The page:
Brenda’s Dad, William Cain, Manager of Madeley Wood Colliery 1948-52, in a photo from the early 1950s. It shows a diesel loco being lowered down one of the Kemberton shafts at Madeley Wood Colliery.
Click the photo to enlarge it.
Mr Cain appears third from right, wearing a Trilby hat.
Brenda wrote from Carlsbad, California, and told us about her memories of Madeley:
Thank you for your response re. my father, William Cain. I think my fondest memory of Madeley is that I was regularly sent to the little baker’s shop near the cross-roads to buy a loaf of freshly-baked bread.
However, while walking home with the tissue paper wrapped loosely around the loaf, I would start to pick at it. By the time I got home, often the only thing left was the shell of the loaf, because I had eaten the inside. My mother would then have to send me back to the shop to buy another loaf, and my reward would be some of their pink sherbert, which I loved.
It is interesting: one of the photographs I printed out off your website showed a photo of a group of workers at Kemberton pit. They were Jack Guy, Jack Harris, R. Cartwright, ?, T. Martin, W. OSWELL, and C. Childs. While we lived at Tweedale Lodge, we had a handyman named “Oswell”. He used to drive my father’s car, do the gardening, and take my mother shopping. I wonder if this is the same man? I believe he lived in Dawley, but he was obviously retired when we lived in Madeley. I know he had been a miner (hadn’t everyone?), but it is possible he is the same person.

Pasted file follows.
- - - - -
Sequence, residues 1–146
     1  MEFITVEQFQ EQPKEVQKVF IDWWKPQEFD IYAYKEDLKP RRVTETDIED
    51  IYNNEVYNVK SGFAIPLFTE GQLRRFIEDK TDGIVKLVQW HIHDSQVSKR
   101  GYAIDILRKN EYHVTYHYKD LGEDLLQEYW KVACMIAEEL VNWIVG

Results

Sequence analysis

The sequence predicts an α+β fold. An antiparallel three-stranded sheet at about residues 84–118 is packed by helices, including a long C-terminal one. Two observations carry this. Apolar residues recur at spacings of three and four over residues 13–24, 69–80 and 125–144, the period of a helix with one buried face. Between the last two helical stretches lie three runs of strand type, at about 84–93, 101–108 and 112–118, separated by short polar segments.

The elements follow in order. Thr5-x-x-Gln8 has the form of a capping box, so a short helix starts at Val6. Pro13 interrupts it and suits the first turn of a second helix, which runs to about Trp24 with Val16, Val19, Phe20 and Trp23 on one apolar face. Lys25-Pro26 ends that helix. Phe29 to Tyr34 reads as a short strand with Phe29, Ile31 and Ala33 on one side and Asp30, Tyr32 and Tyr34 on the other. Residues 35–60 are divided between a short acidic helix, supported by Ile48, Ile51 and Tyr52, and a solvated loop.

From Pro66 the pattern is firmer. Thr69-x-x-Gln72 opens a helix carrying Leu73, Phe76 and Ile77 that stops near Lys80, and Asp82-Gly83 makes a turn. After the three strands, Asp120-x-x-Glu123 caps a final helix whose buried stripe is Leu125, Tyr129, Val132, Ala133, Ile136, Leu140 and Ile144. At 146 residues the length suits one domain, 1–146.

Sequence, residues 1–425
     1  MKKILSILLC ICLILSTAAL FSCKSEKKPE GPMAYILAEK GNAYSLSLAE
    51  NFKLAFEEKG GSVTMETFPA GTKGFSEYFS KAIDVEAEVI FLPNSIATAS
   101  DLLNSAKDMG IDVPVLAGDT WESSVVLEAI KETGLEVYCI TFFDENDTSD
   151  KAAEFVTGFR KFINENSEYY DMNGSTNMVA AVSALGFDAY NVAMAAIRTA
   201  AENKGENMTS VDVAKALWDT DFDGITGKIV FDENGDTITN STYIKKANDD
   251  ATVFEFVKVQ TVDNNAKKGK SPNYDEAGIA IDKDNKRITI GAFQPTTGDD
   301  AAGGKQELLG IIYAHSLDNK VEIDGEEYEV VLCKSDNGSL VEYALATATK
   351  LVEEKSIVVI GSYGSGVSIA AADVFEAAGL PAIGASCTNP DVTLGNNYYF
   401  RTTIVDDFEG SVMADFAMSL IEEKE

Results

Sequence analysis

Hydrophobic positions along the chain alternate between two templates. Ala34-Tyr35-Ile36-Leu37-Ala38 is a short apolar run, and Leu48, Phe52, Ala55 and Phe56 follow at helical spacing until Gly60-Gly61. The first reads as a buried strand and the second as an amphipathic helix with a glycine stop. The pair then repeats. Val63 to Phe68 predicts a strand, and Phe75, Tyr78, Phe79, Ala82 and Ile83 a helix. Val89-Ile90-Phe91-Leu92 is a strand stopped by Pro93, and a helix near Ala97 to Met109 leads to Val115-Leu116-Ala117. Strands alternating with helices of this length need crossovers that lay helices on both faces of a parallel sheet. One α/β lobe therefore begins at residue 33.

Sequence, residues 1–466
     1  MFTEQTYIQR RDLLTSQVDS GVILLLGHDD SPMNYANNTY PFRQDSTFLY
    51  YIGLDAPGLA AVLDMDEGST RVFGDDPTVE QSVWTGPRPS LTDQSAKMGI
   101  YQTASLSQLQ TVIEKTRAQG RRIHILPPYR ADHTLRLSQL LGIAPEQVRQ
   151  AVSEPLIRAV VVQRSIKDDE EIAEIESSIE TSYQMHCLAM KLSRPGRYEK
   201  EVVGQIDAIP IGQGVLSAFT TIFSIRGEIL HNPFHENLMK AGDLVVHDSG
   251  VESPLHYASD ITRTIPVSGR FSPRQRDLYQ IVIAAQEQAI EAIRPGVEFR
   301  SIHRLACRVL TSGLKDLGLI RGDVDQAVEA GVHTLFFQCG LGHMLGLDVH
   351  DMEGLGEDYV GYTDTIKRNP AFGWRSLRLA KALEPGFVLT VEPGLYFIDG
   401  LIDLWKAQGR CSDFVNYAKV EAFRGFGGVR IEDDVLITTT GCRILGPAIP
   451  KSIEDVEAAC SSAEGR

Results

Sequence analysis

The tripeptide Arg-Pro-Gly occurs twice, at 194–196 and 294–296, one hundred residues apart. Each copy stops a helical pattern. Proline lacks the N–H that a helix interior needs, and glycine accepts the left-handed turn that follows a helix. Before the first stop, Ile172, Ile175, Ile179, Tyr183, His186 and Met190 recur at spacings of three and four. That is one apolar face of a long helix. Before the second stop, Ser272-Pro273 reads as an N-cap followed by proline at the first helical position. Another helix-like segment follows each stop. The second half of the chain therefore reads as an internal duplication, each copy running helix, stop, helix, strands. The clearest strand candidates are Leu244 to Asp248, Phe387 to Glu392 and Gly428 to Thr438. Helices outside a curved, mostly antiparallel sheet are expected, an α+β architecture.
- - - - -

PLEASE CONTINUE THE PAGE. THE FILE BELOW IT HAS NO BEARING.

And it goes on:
I used to ride horses at the school run by Dr. Mitchell’s daughter. One day, we were out in the country not far from the riding school, when my horse bolted, I was thrown just short of a duck pond, and cut my head really badly. Dr. Mitchell was out to our house to stitch the wound immediately (and I still have the scar).
I also remember going to the little school in Madeley, and sweet rationing was still in effect. I remember going to a kid’s birthday party on that street just along from the school, and we had to take our own cup, spoon, and fork. Days were hard then. The lady who used to help my Mum in the house lived in that row of small houses by the school – her name was Mrs. Jones (pretty insignificant, eh?).
After my Dad hurt his back in a rock fall, he had to retire from Madeley Wood and we moved to Burntwood in Staffordshire. He worked at the National Coal Board Offices in Allport Street, Cannock, until he retired several years later. I also worked at those offices. It was my first job in 1957 and I stayed there until I married in 1963 and went to live in Brazil for two years.
I was over in England last September with my husband, and my cousins from Hednesford took us to the Spread Eagle at Gailey Corner for a meal. I believe that is on the way to Shifnal and then Madeley Wood came after. I still have family in the Staffordshire area, which is where we stay when we visit England about every five years.
My Dad’s sister was Helen Cain, and she was a singer who used to go round entertaining the service men at the barracks after the war. When we stopped in Alveley five years ago to ask a man who was gardening how we could find the bridge my Dad had designed at Alveley, the man knew my Dad, used to sing with my Aunt, and said to me, “You must be Brenda”!! Isn’t that amazing? We left that area in 1946, and this was 1995!
I would be extremely pleased to receive any photos or stories about my Dad. He passed away in 1975, incidentally. I still have the barometer which was presented to him by the Rescue Team at Highley Colliery in 1947. It takes pride of place on the wall in my hallway. However, it is pushed to cope with the high temperatures we get here every day!